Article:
In this instance the course was entirely relevant to what the student wanted to study and upon completion of this course the student would have had excellent employment and career opportunities back in his home country.

Regrettably, however, the student visa was refused.  Upon reviewing the case and the Departmental refusal letter it could be seen that the grounds for refusal was due to insufficient information being provided to the immigration department in support of the visa application.

It was just a very bad student visa application that was lacking critical information required by the department, information that a registered migration agent would have know about.

This led to the case officer stating that they did not believe that the student was a genuine student as information provided in the application was unable to satisfy the case officer that the student met the relevant guidelines for the grant of the visa.

Upon speaking with the family of the student, I advised them that I could assist them with a fresh visa application so their son could study in Australia and that they would need new evidence of enrolment in a course.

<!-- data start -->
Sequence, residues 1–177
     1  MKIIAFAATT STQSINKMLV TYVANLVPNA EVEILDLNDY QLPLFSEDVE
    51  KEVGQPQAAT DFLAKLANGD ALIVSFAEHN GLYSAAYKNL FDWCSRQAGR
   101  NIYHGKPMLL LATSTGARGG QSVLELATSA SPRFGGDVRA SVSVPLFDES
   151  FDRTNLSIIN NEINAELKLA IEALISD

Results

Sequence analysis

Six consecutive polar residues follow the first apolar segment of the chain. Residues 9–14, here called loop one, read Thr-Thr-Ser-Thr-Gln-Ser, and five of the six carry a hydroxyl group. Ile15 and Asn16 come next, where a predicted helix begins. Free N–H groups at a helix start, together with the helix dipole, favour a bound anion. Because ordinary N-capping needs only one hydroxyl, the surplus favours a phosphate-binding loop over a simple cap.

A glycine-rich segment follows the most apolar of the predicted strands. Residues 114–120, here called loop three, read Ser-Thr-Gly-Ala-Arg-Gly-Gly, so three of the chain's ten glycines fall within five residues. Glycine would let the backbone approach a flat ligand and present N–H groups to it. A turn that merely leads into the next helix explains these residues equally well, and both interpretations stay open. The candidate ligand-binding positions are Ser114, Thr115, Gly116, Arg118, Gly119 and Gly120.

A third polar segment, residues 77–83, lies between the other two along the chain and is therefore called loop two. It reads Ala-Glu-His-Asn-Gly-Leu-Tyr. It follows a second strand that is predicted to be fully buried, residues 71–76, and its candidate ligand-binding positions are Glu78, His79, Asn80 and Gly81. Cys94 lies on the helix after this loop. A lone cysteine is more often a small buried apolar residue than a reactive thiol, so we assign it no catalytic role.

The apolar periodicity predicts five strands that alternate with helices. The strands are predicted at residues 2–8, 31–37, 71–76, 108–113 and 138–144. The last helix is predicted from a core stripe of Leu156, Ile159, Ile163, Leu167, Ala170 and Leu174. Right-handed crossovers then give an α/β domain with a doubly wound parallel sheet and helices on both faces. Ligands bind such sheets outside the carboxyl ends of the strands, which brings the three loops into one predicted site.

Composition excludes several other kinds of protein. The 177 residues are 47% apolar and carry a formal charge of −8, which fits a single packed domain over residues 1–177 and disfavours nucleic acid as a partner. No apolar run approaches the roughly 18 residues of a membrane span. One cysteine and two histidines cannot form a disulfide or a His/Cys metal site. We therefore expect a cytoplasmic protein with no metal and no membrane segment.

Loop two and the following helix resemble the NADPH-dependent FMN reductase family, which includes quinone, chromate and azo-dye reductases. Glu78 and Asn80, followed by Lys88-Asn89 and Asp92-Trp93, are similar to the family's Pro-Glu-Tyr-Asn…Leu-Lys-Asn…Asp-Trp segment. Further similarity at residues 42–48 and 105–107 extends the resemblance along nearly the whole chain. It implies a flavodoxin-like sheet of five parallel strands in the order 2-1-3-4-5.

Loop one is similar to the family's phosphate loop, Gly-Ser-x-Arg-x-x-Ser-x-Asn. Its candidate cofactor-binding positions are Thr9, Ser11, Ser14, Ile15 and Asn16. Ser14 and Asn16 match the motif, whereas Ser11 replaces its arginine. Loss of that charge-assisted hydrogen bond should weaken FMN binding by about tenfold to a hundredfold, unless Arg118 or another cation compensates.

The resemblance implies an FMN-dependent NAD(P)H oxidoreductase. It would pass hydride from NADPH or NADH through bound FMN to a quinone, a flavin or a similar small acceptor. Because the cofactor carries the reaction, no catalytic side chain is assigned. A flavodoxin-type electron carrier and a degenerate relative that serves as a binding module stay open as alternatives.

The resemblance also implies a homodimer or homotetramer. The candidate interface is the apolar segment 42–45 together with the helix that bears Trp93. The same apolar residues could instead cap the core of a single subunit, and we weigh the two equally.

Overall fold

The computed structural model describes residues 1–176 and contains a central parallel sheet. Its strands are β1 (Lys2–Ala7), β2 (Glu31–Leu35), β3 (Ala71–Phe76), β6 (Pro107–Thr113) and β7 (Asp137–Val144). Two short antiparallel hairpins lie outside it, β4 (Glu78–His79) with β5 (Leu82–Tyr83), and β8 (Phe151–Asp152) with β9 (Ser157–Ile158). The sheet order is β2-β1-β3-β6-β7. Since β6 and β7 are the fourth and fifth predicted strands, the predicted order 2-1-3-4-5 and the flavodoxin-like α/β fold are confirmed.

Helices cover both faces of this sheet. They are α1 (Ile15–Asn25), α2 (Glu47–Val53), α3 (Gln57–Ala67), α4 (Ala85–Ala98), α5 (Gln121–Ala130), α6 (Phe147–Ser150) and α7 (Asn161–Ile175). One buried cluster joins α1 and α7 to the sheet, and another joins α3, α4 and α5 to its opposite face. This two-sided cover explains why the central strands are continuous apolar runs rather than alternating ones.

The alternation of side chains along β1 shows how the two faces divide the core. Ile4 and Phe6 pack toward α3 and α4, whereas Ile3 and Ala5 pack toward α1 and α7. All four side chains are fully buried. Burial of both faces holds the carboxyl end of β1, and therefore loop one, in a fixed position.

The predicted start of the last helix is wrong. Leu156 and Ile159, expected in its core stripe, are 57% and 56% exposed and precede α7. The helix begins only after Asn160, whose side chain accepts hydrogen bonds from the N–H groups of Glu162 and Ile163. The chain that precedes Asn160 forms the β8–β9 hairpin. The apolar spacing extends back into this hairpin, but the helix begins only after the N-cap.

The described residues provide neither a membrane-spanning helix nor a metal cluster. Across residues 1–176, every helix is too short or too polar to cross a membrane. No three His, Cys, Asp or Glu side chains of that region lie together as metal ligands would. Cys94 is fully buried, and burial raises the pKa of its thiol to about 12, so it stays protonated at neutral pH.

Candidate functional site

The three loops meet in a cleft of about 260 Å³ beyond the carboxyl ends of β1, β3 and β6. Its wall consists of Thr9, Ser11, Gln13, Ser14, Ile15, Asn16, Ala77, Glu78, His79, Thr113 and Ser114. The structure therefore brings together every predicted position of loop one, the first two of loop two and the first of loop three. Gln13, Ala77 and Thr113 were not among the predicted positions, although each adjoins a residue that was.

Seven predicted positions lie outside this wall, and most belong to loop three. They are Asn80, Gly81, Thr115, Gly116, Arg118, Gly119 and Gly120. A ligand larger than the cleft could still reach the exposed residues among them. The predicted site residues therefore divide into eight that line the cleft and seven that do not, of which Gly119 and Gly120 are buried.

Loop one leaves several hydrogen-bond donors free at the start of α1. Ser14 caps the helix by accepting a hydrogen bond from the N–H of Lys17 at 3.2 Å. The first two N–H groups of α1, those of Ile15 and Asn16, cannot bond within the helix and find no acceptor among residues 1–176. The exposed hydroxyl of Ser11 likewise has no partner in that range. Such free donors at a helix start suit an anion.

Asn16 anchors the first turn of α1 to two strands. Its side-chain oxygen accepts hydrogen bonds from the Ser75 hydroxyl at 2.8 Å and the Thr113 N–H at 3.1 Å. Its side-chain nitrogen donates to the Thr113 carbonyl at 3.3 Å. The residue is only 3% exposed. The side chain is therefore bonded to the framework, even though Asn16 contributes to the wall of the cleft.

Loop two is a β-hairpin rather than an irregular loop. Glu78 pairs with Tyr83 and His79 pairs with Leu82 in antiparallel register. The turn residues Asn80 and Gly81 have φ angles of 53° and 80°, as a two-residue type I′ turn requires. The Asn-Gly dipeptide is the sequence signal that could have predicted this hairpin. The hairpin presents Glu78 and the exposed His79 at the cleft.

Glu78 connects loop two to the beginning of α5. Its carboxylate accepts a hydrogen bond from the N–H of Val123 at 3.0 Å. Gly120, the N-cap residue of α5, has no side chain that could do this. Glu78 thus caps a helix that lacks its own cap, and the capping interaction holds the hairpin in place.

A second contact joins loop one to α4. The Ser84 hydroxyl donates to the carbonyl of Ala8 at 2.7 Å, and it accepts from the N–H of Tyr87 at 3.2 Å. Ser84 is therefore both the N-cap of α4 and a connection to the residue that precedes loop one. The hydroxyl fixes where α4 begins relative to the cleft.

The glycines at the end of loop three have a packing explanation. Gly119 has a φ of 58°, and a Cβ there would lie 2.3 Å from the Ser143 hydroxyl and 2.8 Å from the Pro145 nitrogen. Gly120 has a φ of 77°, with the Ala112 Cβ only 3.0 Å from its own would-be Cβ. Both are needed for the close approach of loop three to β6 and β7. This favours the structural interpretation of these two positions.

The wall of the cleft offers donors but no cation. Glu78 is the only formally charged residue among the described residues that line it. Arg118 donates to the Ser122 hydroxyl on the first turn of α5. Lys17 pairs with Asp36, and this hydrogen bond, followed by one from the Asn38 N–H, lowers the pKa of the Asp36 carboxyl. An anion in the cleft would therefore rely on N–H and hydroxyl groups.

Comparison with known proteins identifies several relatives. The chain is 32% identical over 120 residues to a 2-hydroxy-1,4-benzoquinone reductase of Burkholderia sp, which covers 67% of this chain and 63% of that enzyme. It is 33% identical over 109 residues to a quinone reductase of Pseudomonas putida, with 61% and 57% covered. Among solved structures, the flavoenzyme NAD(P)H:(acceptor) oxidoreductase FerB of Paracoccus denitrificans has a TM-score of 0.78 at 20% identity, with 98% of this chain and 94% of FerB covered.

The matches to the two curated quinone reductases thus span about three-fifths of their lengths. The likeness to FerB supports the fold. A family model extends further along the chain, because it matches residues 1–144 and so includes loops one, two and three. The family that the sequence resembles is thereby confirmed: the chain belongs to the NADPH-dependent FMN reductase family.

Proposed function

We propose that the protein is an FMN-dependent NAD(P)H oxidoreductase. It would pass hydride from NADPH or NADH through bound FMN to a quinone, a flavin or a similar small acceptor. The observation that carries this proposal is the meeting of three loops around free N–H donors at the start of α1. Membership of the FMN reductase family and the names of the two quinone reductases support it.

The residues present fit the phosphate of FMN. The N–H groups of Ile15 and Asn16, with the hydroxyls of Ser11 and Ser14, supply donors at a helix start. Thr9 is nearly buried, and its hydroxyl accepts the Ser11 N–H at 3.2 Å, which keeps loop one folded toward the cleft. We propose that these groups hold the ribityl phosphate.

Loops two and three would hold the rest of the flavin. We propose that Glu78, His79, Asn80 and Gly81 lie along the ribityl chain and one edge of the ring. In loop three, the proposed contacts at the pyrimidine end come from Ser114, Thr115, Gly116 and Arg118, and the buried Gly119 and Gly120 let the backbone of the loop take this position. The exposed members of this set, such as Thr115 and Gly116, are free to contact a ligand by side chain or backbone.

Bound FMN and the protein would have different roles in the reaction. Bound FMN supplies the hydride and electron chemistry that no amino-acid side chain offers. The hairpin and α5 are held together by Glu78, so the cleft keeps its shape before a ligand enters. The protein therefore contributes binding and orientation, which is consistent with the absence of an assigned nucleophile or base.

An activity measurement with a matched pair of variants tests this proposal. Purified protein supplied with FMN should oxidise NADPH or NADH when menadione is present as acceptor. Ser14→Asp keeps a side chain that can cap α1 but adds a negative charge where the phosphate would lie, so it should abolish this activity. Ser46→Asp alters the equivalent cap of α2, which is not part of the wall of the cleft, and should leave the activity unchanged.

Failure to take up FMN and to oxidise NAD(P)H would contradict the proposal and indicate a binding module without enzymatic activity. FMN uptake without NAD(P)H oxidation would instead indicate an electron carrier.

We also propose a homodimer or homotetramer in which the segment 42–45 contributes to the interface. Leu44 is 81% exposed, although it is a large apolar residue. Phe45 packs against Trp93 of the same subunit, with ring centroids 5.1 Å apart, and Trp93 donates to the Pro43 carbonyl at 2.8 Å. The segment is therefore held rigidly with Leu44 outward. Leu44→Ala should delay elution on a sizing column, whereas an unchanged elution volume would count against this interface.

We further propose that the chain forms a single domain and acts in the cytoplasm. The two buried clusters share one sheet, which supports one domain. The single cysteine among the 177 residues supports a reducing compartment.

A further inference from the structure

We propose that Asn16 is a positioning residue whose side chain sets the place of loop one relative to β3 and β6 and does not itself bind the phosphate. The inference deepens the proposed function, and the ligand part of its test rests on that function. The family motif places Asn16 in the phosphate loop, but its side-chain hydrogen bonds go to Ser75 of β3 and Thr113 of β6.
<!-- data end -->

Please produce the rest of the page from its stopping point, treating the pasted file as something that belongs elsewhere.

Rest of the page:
Upon approaching the same University who previously accepted him into one of their courses, they advised that they would not offer him a new enrolment as the immigration department had previously found that he was not a genuine student.

This is very unfair as the reason the visa was refused is that one of the universities own accredited and endorsed education agents lodged a very poor student visa application.  This application was made on behalf of the student despite the agent being unregistered and not possessing adequate profession knowledge about the type of basic information required by the department in support of an application to demonstrate the genuineness of the student.